and trichloroethylene
The chemical compound trichloroethylene is a chlorinated hydrocarbon commonly used as an industrial solvent. It is a clear non-flammable liquid with a sweet smell. It should not be confused with the similar 1,1,1-trichloroethane, which is commonly known as chlorothene.The IUPAC name is...

, bioaugmentation is used to ensure that the in situ microorganisms can completely degrade these contaminants to ethylene
Ethylene is a gaseous organic compound with the formula . It is the simplest alkene . Because it contains a carbon-carbon double bond, ethylene is classified as an unsaturated hydrocarbon. Ethylene is widely used in industry and is also a plant hormone...

 and chloride
The chloride ion is formed when the element chlorine, a halogen, picks up one electron to form an anion Cl−. The salts of hydrochloric acid HCl contain chloride ions and can also be called chlorides. The chloride ion, and its salts such as sodium chloride, are very soluble in water...

, which are non-toxic. Bioaugmentation is typically only applicable to bioremediation of chlorinated ethenes, although there are emerging cultures with the potential to biodegrade other compounds including chloroethane
Chloroethane or monochloroethane, commonly known by its old name ethyl chloride, is a chemical compound with chemical formula , once widely used in producing tetraethyllead, a gasoline additive...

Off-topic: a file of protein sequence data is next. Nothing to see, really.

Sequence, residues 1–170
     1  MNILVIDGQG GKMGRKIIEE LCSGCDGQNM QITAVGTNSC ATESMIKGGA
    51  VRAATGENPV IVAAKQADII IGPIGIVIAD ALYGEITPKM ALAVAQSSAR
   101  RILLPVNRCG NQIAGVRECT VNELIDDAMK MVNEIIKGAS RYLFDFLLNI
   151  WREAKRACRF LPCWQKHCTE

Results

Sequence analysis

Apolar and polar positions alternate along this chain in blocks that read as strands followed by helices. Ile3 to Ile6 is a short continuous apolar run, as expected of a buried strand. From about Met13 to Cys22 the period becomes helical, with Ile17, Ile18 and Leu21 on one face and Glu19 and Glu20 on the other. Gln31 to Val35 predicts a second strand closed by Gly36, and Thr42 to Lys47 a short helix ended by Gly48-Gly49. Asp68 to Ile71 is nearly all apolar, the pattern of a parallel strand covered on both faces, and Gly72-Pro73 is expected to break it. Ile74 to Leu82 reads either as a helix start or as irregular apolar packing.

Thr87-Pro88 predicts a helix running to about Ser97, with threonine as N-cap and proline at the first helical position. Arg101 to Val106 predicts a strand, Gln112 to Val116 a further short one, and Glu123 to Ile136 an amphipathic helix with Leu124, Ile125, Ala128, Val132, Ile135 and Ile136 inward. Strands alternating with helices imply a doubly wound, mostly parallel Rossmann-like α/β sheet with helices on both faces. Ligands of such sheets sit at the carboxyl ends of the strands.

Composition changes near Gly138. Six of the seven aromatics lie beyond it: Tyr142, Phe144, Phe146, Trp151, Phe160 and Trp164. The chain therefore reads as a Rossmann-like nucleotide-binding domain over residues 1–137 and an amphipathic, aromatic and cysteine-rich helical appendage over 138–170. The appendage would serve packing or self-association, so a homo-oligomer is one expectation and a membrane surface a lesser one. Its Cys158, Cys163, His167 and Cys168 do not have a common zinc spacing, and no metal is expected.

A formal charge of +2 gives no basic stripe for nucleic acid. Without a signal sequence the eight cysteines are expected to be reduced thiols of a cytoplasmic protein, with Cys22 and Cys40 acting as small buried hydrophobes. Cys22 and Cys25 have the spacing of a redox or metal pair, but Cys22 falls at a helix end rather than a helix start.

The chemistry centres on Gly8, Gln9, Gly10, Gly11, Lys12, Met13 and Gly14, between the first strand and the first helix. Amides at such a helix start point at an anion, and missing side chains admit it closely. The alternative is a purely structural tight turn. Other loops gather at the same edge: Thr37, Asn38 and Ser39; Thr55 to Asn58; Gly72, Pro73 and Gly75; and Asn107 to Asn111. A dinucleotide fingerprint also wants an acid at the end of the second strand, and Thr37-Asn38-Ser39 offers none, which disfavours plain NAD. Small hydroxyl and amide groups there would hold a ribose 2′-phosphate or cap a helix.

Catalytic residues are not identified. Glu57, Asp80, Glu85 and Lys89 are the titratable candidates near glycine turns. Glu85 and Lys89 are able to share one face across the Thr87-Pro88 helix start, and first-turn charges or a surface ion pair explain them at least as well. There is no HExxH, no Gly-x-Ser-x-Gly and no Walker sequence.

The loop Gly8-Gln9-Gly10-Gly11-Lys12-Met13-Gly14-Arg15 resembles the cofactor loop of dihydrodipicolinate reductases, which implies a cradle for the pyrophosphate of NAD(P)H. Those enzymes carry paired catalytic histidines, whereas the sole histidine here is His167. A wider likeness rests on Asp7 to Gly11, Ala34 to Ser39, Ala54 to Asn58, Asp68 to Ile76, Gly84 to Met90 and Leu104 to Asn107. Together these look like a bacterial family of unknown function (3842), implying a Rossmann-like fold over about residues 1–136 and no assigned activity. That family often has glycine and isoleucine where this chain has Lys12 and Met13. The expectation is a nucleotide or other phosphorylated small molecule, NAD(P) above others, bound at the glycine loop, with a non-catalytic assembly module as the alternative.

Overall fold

s, chloromethane
Chloromethane, also called methyl chloride, R-40 or HCC 40, is a chemical compound of the group of organic compounds called haloalkanes. It was once widely used as a refrigerant. It is a colorless extremely flammable gas with a minorly sweet odor, which is, however, detected at possibly toxic levels...

s, and MTBE
Methyl tert-butyl ether
Methyl tert-butyl ether, also known as methyl tertiary butyl ether and MTBE, is an organic compound with molecular formula 3COCH3. MTBE is a volatile, flammable, and colorless liquid that is immiscible with water. It has a minty odor vaguely reminiscent of diethyl ether, leading to unpleasant taste...

. The first reported application of bioaugmentation for chlorinated ethenes was at Kelly Air Force Base
Kelly Air Force Base
Kelly Field Annex and is a former United States Air Force facility located in San Antonio, Texas. In 2001, the runway and land west of the runway became "Kelly Field Annex" and control of it was transferred to the adjacent Lackland Air Force Base, part of Joint Base San Antonio...

, TX (Major et al., 2002).

Bioaugmentation is typically performed in conjunction with the addition of electron donor (biostimulation) to achieve geochemical conditions in groundwater that favor the growth of the dechlorinating microorganisms in the bioaugmentation culture.


  • Andrea Leeson, Bruce C. Alleman, Pedro J. J. Alvarez, Victor S. Magar (Hrsg.): Bioaugmentation, biobarriers, and biogeochemistry: the Sixth International In Situ and On-Site Bioremediation Symposium. San Diego, California, June 4-7, Battelle Press 2001, Band 6, ISBN 1574771108.
  • Donald Lee Wise (Hrsg.): Bioremediation of contaminated soils. CRC Press, 2000, ISBN 0824703332.